Put on your moonboots and strap on your seatbelt in your flying car: it’s 2020.
Okay, so the year sounds like something out of a sci-fi movie, but we’re not quite there with inter-planetary visits and air-bound vehicles.
Actually, most of the health and wellness trends this year are the opposite of futuristic. In fact, they’re about returning to the basics: eating more natural and less processed foods, moving our bodies, and using sustainable planet-friendly products.
Dive in below for a few key health and wellness trends.
1. Plant-based meat alternatives
Plant-based beef replacements have been popular in recent years – remember the vegan burger patties that would ‘bleed’ when cooked due to containing beetroot juice? But in 2020, chicken and fish are next to get a plant-based makeover. There has been major investment in start-ups like Good Catch that makes ‘tuna’ out of soybeans and peas to reduce consumption of actual tuna which is overfished. And although the taste and texture of vegan chicken is hard to mimic, it’s still increasing in popularity. I think there’s room for caution with this trend though: just because something is labelled plant-based, doesn’t mean it’s healthy. If it’s made from 30 ingredients like processed soy and filled with artificial flavours, sweeteners and fillers, it’s not a better choice. But it is reflective of moving towards more sustainable food and a growing awareness of what we’re eating, which is a good thing.
2. 16-8 fasting
In 2016, the 5-2 diet popularised eating regularly for 5 days and incorporating fasting on 2 alternate days. In 2019, intermittent fasting was Google’s most searched diet. This year, 16-8 fasting is set to reach the mainstream – where proponents fast for 16 hours a day and eat within an 8-hour window. It’s not as drastic as it sounds – if your eating window is 11am-7pm, that simply means skipping breakfast and not eating after your evening meal. While most guidelines preach breakfast as the most important meal of the day, growing evidence shows that when we eat may be just as important as what we eat for health and longevity. Food for thought. (So to speak.)
3. Fitness at home
Exercising at home isn’t new – Jane Fonda brought aerobics to housewives back in the 70s and 80s (with one of her workouts becoming the best-selling VHS tape of all time), and the 90s and noughties saw infomercials bring home gym equipment and high intensity DVDs like Insanity and P90X to worldwide audiences. But the rise of smartphone technology and streaming services means home fitness is more effective and affordable than ever – daggy bodysuits not required. For those wanting a built-in community of like-minded women, personal training apps like the Ashy Bines Squad app or Sweat by Kayla Itsines are fun and engaging. For those wanting external accountability, try a monthly subscription to live-streamed classes like ClassPass Live or Booyah Fitness. And for those that like to go at their own pace or want constant variety, simply find your favourite type of exercise on YouTube (I love Yoga With Adriene and Blogilates).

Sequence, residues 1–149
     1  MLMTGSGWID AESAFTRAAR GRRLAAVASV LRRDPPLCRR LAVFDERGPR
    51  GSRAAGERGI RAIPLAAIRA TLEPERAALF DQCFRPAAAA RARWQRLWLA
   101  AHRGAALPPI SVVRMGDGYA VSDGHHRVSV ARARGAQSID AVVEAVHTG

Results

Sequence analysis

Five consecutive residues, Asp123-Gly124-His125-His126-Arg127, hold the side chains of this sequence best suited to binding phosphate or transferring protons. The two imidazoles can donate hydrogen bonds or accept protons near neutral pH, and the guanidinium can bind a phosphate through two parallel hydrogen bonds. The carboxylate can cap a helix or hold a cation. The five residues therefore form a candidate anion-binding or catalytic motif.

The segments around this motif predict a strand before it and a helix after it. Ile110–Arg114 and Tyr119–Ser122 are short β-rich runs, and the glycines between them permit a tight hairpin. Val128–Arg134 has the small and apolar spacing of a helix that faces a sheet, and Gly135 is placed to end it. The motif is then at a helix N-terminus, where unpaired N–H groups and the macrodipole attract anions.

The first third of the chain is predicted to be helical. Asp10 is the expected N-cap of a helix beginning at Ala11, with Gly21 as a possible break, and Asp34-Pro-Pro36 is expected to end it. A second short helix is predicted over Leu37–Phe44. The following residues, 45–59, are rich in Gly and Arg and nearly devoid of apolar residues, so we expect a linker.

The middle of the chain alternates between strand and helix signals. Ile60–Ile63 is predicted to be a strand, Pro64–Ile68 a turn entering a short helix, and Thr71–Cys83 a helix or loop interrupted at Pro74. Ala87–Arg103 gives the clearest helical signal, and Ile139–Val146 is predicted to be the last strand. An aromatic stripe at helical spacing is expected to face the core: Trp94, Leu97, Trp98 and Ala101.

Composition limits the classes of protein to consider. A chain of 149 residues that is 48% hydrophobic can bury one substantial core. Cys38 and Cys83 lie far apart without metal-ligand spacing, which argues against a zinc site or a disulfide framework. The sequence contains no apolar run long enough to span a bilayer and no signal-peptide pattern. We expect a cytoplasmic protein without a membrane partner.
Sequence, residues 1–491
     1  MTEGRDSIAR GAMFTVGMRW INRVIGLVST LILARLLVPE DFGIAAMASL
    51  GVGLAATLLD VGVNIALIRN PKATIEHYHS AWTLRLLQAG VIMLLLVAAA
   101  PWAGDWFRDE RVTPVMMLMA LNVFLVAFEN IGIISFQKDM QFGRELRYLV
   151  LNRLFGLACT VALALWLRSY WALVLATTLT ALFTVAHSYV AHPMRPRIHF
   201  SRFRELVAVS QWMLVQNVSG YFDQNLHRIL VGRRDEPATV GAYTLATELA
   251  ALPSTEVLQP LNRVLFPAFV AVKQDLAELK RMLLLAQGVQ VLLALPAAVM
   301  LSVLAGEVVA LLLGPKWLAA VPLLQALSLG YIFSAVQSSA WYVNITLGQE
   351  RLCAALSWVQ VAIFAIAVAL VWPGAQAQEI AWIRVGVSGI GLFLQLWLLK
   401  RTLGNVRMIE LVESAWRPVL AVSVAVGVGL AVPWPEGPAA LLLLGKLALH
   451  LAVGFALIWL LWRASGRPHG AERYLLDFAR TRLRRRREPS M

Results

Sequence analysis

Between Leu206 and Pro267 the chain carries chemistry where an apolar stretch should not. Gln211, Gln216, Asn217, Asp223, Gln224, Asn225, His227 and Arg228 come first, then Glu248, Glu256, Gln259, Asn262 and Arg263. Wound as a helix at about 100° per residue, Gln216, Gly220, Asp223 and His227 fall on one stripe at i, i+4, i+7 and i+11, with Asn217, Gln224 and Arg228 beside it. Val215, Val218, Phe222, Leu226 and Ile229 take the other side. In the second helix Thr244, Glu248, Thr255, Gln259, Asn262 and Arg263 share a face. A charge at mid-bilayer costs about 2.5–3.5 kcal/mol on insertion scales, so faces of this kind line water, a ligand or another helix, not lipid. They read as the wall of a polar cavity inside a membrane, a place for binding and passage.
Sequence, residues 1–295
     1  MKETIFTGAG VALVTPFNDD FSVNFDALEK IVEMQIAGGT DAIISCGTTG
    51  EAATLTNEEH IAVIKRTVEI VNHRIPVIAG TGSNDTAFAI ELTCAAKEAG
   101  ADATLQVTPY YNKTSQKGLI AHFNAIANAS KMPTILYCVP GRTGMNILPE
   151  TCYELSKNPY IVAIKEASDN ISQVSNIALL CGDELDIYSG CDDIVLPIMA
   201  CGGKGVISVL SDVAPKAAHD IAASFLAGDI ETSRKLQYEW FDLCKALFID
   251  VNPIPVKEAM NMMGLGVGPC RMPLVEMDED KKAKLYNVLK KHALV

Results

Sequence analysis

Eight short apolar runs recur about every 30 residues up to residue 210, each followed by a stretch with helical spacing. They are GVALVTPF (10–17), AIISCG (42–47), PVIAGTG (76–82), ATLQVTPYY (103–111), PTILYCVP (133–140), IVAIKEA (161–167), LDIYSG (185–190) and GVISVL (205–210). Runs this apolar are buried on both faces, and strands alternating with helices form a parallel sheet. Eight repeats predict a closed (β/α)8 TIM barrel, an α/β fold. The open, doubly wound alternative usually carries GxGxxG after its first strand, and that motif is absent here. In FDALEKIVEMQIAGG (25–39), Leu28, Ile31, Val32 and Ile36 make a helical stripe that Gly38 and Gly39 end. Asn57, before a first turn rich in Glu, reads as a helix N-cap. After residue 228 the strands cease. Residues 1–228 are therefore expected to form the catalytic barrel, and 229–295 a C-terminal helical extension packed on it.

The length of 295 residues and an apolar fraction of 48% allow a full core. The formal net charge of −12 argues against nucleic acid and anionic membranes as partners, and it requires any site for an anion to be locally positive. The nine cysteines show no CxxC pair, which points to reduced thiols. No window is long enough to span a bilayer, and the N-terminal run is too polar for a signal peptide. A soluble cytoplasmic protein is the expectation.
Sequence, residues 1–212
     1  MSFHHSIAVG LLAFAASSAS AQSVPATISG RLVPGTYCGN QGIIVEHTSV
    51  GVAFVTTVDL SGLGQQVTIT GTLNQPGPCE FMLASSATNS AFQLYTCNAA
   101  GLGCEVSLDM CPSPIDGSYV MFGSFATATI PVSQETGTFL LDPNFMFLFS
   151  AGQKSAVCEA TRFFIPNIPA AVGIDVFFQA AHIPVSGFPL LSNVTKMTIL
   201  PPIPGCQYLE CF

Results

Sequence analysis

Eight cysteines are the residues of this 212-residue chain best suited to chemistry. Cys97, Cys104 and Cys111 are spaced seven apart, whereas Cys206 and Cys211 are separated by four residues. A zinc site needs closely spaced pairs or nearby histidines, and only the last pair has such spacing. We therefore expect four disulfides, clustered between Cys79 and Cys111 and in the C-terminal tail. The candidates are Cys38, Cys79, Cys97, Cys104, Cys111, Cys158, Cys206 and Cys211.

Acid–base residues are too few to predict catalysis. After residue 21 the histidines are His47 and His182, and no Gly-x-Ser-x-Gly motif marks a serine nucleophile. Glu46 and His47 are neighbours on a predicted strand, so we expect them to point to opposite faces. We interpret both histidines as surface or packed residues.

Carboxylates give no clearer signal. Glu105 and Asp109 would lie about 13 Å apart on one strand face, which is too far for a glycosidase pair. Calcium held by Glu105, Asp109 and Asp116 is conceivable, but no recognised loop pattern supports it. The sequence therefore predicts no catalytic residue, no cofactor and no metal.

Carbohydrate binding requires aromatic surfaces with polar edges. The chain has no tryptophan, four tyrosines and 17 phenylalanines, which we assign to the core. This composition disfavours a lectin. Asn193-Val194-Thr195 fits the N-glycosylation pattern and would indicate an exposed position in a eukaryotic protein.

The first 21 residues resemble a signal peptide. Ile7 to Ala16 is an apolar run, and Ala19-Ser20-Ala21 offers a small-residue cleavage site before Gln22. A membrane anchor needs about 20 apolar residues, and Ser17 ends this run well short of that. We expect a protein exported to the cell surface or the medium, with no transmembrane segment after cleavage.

4. Eco-friendly product swaps
Single-use plastic is out, and reusable natural materials are in. Making environmentally-friendly choices is becoming easier with an increasing range of bathroom and kitchen products designed to be used again and again. Stainless steel water bottles and glass coffee cups are a start, but take it to the next level with bamboo cutlery, beeswax wraps (instead of cling wrap), bamboo toothbrushes, silicone food bags, washable paper towels, cotton produce tote bags, menstrual cups (in place of pads and tampons), washable makeup remover pads and even reusable cotton buds (really!).
5. Sea moss
If kale was one of the original superfoods, sea moss is hot on its heels. Also known as Irish moss, this sea vegetable has a host of nutritional benefits like being high in iodine and selenium (good for hormone production), potassium and B vitamins (to reduce stress and support our nervous system), and its mucilaginous properties mean it’s soothing for our digestive tract (beneficial for digestion issues like bloating or IBS). It comes dried or fresh and can be used as a natural thickener – and while it has a slight apparently seaweed taste on its own, apparently it’s virtually tasteless when added to recipes. (I haven’t tried it personally but of course now I’m keen to!) Find it at specialty Asian grocers or on Amazon and try it in soups, stews, salad dressings, smoothies, homemade nut milks or raw desserts.
6. Chickpea everything
Chickpeas are to 2020 what cauliflower was to 2017. Chickpeas are gluten-free and neutral-tasting, plus they’re higher in fibre and protein compared to grains like rice. As well being turned into baking and cooking staples like flour, pasta and bread, prepare to see them on supermarkets shelves and restaurant menus in diverse forms from protein powder to brownies to fries.
Well, that’s my list. Is there anythig you’ve already tried? What’s missing that you think will be big for 2020? Let me know in the comments below.